A series of environmental experts testified yesterday that the state is taking the wrong approach in rebuilding the shore, not considering the future effects of climate change and not focusing enough of its efforts on offering buyouts in flood-prone areas. The message was delivered before a rare, joint meeting of the Senate and Assembly Environment Committees at the Atlantic City Convention Center.
Taking a line from the new state tourism campaign, former DEP Commissioner Mark Mauriello warned that the state is in fact not “stronger than the storm,” and never will be.
Actually, it's more a matter of brains than brawn. Some of those testifying stressed that the state needs to rethink where it is rebuilding. Others warned that little consideration was being given to affordable housing and also complained about a lack of transparency in the recovery process. And several said that red tape was making it difficult for people to file for state and federal assistance.
How federal funds are being allocated was also an issue.
“We’re a little bit drunk with all this money," Mauriello said. "It sort of makes you a little bit less concerned about what you do because there’s so much money, but we can’t lose sight of being smart on how we spend the money.” There’s no way to avoid future events like Sandy, he said, so development needs to be directed away from vulnerable areas of the coast.
Jeff Tittel, Director of the New Jersey Sierra Club, largely echoed Mauriello’s concerns. In a statement, he wrote that the state did not appear to have learned from the mistakes of the past or changed the status quo.
“There is no plan for pulling back from environmentally sensitive areas. More planning for restoring natural systems and adding dunes along our coast should be undertaken,” he said.
Both Tittel and Mauriello agreed that more consideration needs to be given to the establishment of a Coastal Commission to guide the rebuilding process on a more regional level.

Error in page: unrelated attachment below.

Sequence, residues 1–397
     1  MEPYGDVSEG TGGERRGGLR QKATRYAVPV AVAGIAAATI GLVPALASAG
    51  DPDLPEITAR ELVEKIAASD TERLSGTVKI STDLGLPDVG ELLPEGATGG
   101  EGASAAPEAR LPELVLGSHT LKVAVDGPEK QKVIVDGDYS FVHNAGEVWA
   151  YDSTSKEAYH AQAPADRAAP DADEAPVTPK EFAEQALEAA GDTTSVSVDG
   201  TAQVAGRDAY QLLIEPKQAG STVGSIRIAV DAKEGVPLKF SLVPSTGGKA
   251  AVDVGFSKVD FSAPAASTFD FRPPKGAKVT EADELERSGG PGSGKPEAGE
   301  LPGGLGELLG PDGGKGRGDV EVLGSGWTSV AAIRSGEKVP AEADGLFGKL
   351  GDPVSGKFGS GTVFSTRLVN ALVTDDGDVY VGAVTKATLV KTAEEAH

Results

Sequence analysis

During the four-hour hearing, lawmakers also heard testimony from housing advocates worried about how the recovery is taking shape. Kevin Walsh with the group Fair Share Housing said there needs to be more consideration of the needs of low-income Sandy victims looking for affordable housing, particularly renters.
“We have a real danger that in a year, two years, as we look back on this that it’ll be a recovery that tilts more towards elitism and more towards exclusion than it does towards fairness,” he said. “And we need to correct that as soon as we can.”
Walsh also called on the state to be more transparent with its handling of the post-Sandy recovery process. He says it’s sometimes taken his group several weeks to get answers to basic questions about how the storm assistance programs work and who is qualified. In particular, he said that people who are denied aid need to be given clear reasons about why. They can appeal those denials, he said, but that’s extremely difficult without having all the proper information.
“What’s really scary is that if these problems aren’t corrected, we’re going to repeat the mistakes again when the next phase of funding comes down,” he added. “The lack of transparency and the general confusion that you’re seeing right now will not be corrected if there is not a concerted effort to do it.”
Other panelists warned that excessive red tape has made it hard for some Sandy victims to apply for disaster assistance and has slowed down the recovery process. Several coastal residents shared their horror stories of wading through post-Sandy bureaucracy, trying to get settlements from their insurance companies and save their homes from foreclosure.
“The recent TV ad campaign depicting life at the shore as back to normal is highly disturbing,” said Lee Ann Newland, who was displaced with her husband from their home in Neptune Township. “Watching our own Governor on TV with his family pretending that all is well all over the shore makes us sad.”
Assembly Environment and Solid Waste Committee Chair L. Grace Spencer thanked all the participants for their input.
“Clearly there are things happening throughout the state that we don’t know about,” she said. “We see the commercials and read the stories in the news, but we don't know what's happening at the ground level. Today revealed there is still much, much work to do.”